An advance screening of the PBS documentary “Below the Belt” was presented at the Gertrude C. Ford Center on Tuesday, March 28 by the Oxford Film Festival in partnership with Alfred P. Sloane’s Foundation’s “Science on Screen” program. A panel discussion about the documentary followed.
The film tracks the challenging effects of endometriosis and the continual fight for awareness on both a micro and macro level.
Endometriosis is a disease in which tissue similar to the lining of the uterus grows outside the uterus, causing severe pain in the pelvis and making it more difficult for women to get pregnant. Many women find its effects beginning at their first menstrual period and sometimes lasting until menopause.
“I found it incredibly hard for someone, anyone to take me seriously and believe what I was saying about my own body was true,” a patient says at the beginning of the film.
A staggering statistic lies at the center of director and Oxford native Shannon Cohn’s documentary. While endometriosis affects a similar number of women to that of diabetes (approximately 1 in 10 women of reproductive age), its U.S. government research funds sit only at approximately $26 million, as compared to the $1.2 billion spent on diabetes research, as reported by the National Institutes of Health.
The 50-minute film not only examines these discrepancies and other misnomers surrounding the disease, but also aims to enact change through representation, highlighting four courageous women searching for answers to the disease’s mysterious symptoms.
The powerful testimonies throughout underscore the film’s central arguments, deftly illustrating the societal and gender taboos that are associated with both a specific disease like endometriosis and the more general questions surrounding women’s health.
These issues serve as the launch pad for change, with many notable voices lending their wide-scale platforms to the ongoing fight for awareness.
“The goal with this film is to change both hearts and minds in ways that lead to progress in policy, research funding, educational and widespread awareness,” executive producer Hillary Rodham Clinton says in the film’s introduction. “We need you to help us take action, to help end the suffering, to make this clear to everyone in the healthcare field how important this is to come together and treat this disease as early and fully as possible.”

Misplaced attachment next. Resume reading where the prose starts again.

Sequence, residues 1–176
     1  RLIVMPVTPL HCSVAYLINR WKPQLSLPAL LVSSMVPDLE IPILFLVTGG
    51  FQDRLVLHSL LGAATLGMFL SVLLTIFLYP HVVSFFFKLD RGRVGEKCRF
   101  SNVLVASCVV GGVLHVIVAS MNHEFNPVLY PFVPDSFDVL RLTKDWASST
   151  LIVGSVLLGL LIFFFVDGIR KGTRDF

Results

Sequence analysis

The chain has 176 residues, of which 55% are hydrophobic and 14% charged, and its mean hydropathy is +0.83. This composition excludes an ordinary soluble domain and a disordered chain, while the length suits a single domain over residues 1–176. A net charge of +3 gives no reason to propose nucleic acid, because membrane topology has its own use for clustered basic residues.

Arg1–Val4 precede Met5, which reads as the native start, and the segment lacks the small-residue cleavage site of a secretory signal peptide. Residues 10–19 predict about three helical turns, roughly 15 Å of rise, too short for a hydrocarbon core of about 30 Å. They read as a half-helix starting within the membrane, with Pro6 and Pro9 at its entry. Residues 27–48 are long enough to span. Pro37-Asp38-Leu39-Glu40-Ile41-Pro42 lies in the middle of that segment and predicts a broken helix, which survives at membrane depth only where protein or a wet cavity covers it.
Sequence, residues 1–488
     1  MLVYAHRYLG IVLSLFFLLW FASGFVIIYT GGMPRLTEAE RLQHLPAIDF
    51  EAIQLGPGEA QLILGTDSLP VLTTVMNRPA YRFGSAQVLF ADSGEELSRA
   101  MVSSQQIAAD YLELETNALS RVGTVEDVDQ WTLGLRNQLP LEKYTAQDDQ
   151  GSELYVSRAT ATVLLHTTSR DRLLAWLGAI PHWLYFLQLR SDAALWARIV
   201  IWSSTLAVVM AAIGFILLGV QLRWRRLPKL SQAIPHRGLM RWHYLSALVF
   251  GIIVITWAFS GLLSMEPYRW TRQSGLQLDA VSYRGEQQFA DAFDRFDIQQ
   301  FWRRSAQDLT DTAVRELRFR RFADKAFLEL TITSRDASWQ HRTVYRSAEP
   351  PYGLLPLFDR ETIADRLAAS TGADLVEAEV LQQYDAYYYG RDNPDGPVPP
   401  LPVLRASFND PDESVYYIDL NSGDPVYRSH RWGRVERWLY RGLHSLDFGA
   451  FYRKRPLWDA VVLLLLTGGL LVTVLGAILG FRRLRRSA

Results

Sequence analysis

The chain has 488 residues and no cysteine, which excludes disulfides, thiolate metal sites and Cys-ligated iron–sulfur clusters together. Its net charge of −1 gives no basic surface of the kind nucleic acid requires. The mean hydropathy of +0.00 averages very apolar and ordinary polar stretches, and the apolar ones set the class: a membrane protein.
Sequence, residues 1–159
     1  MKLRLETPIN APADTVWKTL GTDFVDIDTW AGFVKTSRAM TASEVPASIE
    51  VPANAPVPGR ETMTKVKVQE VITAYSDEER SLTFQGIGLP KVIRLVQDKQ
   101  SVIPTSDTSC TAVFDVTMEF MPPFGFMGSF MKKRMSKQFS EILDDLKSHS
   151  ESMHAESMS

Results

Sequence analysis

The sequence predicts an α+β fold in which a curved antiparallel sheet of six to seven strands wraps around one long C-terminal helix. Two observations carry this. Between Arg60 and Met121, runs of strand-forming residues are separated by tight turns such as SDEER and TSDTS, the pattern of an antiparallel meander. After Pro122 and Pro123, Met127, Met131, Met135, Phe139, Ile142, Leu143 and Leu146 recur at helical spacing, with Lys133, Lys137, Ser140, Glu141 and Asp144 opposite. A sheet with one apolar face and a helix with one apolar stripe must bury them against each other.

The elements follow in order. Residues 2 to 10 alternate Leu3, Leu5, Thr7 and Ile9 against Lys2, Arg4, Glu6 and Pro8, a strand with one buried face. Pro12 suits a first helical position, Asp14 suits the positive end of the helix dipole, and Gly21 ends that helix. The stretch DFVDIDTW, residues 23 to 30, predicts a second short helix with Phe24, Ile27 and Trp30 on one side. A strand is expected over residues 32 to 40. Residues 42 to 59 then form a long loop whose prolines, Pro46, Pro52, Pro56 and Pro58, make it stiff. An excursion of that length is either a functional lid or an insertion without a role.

Additionally, the movie highlights the political effects of combating endometriosis and how the issue has managed to successfully break party boundaries for the betterment of women’s health.
“We screened for members of Congress in early March in a pivotal bi-partisan event co-hosted by Elizabeth Warren and Mitt Romney — something unheard of in Washington, D.C. these days,” Cohn said. “Because it’s not a political issue, it’s a human issue.”
Following the screening, Ole Miss Associate Professor of Journalism Cynthia Joyce hosted a panel discussion, which included Cohn, Ole Miss Women’s Basketball Head Coach Yolette McPhee-McCuin, OBGYN doctors Julie Harper and Erica Balthrop, Dr. Thomas Dobbs of the John D. Bower School of Population Health and Ole Miss graduate student Chesney Mardis.
The wide-ranging discussion focused on treatment nationwide and statewide — according to Balthrop, there are only four OBGYN offices throughout the entire Mississippi Delta — continually returning to what steps America needs to take in combating this widespread health crisis.
“We need to have health education so people are empowered to advocate. It’s not perfect. I wish everyone could know immediately what to do. But self-advocacy and familial advocacy is a great first step. We need to be less afraid to educate people on women’s reproductive health,” Dobbs said.
“Below the Belt” is executive produced by former Secretary of State Hillary Rodham Clinton, former Sen. Orrin Hatch and actress Rosario Dawson. The film will air on PBS this June. For more information on “Below the Belt,” visit the film’s website.